Múm have made a career out of making unconventional music. Since their inception back in 1997 they have mixed glitchy, lo-fi beats with soft vocals and traditional Icelandic instruments, forging a career that has spanned 7 albums. The amount of mid-song instrument changes tonight is really testament to the eclectic nature of their sound, with founding member Örvar Smárason onto his fourth instrument by only the third song.

As the band’s sound yet again transforms – this time incorporating the industrial drum beat which opens ’Slow Down’ off new albumSmilewound – the music starts to sound something like the lovechild of Sigur Rós and Flying Lotus. A notable (and slightly unnerving) highlight occurs when the band encourage the crowd to join in with a spectral, collective humming, which feels like we’ve been subtly coerced into joining some sort of Icelandic cult. They even manage to turn a potential set-back, due to technical difficulties, into a light-hearted cello interlude.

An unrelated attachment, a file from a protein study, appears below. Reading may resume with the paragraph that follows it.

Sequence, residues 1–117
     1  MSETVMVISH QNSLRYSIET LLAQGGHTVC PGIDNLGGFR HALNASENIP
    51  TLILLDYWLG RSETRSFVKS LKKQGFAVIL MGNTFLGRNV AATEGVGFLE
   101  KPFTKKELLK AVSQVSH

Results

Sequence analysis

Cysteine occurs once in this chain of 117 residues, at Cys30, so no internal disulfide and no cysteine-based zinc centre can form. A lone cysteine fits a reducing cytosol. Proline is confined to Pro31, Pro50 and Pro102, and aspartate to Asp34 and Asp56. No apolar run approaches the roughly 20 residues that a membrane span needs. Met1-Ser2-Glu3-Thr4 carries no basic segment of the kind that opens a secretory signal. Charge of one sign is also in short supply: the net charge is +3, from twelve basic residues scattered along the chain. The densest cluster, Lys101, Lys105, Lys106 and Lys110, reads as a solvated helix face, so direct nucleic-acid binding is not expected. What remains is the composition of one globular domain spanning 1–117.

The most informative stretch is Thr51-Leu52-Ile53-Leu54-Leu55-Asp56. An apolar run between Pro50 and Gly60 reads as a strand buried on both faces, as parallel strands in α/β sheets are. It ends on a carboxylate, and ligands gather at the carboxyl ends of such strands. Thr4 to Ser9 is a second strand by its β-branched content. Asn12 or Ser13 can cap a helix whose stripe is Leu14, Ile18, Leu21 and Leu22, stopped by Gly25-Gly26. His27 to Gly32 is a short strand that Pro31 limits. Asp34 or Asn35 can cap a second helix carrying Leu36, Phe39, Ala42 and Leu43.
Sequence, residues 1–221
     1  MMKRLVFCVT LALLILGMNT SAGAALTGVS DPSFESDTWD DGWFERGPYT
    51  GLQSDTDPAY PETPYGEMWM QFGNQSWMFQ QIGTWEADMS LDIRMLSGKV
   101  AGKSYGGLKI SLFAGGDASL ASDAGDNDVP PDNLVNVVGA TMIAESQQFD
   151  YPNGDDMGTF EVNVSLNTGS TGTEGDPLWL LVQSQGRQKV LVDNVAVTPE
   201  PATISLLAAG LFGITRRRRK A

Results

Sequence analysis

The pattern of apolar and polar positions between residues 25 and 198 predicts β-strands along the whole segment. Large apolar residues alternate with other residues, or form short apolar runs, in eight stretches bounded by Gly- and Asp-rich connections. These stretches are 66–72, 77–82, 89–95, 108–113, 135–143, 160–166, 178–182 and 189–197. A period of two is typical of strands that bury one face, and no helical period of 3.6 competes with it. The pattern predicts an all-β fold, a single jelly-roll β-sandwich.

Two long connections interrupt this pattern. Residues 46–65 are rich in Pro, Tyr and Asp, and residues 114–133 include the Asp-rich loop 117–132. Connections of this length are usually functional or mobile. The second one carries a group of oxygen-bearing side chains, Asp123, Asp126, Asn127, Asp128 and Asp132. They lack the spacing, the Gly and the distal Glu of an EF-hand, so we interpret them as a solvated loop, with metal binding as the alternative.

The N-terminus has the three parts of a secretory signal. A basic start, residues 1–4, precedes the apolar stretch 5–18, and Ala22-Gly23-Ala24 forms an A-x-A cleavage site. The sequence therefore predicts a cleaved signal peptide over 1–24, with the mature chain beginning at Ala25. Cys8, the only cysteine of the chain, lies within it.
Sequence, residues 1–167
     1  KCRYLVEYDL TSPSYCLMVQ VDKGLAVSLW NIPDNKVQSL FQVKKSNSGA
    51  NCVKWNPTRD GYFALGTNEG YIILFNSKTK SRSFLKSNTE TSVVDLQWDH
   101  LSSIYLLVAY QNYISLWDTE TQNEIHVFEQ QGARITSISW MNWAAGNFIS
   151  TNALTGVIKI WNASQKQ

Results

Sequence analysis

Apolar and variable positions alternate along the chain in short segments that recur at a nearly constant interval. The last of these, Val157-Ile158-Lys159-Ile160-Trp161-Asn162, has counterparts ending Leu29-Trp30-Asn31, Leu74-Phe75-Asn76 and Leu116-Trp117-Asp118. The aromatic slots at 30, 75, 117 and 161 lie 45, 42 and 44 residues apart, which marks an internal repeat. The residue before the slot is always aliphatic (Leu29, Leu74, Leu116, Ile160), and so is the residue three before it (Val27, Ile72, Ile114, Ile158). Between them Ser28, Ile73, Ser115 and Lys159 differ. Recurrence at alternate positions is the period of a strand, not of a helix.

Tonight truly is a showcase: it has the drama (with singer Gyða Valtýsdóttir miming beheading herself during one song), it has the laughs (in a reserved, Nordic kind of way), and it definitely has the music. On record, múm can be hit and miss; but they just make so much sense when playing out live. Like nothing you’ve ever seen before.

Nick Suarez